Water treatment plants are often not effective in removing pharmaceuticals, personal care products or natural hormones from their effluents. To test the effects of these effluents on fish, we exposed male fathead minnows (Pimephales promelas) for 48 h to effluents at two sites, one up-stream and the other down-stream from a water treatment plant. Gene expression profiling showed that significant changes occurred in the gonad of fish exposed below, compared to above the treatment plant and to laboratory control fish. Among the biological processes affected were the innate immune response, response to stress, control of homeostasis, control of transcription, metabolism, and cell communication. This work suggests that fish are impacted by exposures to the sewage treatment effluents and effects can be detected rapidly by gene expression profiling.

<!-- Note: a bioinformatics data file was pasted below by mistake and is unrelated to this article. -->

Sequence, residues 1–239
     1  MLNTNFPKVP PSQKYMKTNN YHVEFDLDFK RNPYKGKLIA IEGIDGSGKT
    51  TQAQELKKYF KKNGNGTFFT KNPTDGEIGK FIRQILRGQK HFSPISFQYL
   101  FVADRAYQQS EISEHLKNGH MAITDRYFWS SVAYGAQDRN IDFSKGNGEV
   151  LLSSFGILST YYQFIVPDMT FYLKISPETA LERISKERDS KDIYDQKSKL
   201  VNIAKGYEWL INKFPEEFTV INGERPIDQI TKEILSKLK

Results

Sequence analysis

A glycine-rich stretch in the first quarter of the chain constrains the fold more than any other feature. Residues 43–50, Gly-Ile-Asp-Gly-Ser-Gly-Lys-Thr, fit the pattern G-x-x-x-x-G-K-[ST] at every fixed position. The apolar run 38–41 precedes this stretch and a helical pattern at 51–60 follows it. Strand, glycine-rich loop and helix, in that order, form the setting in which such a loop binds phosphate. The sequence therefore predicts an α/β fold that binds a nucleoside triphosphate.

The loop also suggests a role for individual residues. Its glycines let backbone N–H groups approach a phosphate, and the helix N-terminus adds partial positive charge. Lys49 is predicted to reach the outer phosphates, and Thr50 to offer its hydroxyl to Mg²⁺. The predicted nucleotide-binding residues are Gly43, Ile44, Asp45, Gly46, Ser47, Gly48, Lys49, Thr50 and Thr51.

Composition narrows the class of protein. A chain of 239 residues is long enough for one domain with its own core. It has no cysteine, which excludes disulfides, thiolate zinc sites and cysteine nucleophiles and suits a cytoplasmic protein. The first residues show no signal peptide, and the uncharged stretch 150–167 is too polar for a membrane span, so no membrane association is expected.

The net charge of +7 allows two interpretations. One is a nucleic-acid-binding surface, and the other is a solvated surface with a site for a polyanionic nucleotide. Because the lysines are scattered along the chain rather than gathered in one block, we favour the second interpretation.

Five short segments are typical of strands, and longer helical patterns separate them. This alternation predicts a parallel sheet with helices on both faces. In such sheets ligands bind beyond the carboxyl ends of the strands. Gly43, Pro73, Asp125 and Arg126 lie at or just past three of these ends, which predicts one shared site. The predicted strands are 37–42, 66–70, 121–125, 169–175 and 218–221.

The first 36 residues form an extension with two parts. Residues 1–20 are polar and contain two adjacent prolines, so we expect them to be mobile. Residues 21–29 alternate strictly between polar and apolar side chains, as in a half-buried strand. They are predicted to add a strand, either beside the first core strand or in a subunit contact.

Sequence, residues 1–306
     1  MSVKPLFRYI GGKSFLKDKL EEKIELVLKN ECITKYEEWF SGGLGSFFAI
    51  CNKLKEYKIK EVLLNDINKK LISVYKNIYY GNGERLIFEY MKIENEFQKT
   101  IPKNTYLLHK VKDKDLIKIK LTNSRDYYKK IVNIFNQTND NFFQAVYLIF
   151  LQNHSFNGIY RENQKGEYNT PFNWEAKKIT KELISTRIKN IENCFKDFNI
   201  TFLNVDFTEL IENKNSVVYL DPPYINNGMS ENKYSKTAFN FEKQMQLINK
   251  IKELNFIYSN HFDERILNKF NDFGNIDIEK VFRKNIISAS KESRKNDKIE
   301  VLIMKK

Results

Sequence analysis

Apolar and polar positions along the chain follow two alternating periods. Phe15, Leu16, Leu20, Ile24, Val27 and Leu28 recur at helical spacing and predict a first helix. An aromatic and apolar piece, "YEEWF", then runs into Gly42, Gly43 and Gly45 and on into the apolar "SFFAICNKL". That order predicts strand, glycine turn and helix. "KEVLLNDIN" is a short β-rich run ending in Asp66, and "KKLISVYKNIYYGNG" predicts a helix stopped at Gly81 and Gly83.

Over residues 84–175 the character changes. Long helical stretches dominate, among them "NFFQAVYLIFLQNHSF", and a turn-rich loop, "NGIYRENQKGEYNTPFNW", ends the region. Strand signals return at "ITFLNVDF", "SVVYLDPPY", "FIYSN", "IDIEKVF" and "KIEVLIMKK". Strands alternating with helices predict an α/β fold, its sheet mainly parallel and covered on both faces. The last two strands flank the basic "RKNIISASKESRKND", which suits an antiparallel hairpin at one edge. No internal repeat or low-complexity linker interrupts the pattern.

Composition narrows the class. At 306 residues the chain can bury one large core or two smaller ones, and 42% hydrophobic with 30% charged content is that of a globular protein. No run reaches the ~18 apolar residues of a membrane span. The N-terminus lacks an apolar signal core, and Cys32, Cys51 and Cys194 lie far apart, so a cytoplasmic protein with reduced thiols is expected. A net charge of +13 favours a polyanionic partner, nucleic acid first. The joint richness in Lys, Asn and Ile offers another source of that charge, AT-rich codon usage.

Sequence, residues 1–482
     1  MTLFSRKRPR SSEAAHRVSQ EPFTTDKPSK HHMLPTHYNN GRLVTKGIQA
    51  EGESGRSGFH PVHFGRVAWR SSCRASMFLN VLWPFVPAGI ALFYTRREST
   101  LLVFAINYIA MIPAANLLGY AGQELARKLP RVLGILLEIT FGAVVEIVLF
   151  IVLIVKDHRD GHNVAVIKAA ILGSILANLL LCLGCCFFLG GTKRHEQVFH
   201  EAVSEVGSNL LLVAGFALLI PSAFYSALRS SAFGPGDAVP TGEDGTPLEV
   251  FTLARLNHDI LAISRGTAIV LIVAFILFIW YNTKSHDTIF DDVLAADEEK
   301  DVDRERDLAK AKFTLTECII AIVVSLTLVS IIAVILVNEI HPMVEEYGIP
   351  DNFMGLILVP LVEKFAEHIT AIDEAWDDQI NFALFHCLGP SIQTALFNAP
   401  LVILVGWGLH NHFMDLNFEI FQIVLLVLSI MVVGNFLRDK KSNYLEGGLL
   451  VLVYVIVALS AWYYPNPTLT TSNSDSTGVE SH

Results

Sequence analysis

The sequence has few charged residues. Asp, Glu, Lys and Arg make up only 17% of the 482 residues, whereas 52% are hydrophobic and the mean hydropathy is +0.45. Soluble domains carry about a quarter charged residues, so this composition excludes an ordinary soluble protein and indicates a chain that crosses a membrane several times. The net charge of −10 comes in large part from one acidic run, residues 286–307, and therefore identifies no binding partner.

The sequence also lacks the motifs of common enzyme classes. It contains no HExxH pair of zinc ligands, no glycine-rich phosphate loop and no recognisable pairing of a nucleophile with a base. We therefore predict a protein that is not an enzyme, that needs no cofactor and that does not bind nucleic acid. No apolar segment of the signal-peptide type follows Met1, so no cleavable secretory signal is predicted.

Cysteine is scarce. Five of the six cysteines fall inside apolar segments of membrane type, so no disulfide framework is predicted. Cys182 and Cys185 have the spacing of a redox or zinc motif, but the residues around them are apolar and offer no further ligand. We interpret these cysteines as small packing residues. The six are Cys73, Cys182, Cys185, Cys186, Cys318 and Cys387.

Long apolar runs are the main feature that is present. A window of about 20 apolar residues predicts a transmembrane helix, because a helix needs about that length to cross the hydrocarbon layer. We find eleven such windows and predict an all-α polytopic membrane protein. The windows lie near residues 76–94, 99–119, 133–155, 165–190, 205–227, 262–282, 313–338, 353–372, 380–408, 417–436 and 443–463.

Bibliographical noteFunding Information:
This work is the result of research sponsored by the Minnesota Sea Grant College Program supported by the NOAA Office of Sea Grant, United States Department of Commerce, under Grant No. NA03OAR4170048. The US Government is authorized to reproduce and distribute reprints for government purposes, not withstanding any copyright notation that may appear hereon. This paper is journal reprint No. JR545 of the Minnesota Sea Grant College Program. Also, by a fellowship from the Spanish Ministry of Sciences and Technology (EX-2004-0986) to NGR. ND holds equity in EcoArray, a company commercializing the arrays.
- Gene expression profiling
- Sewage treatment plants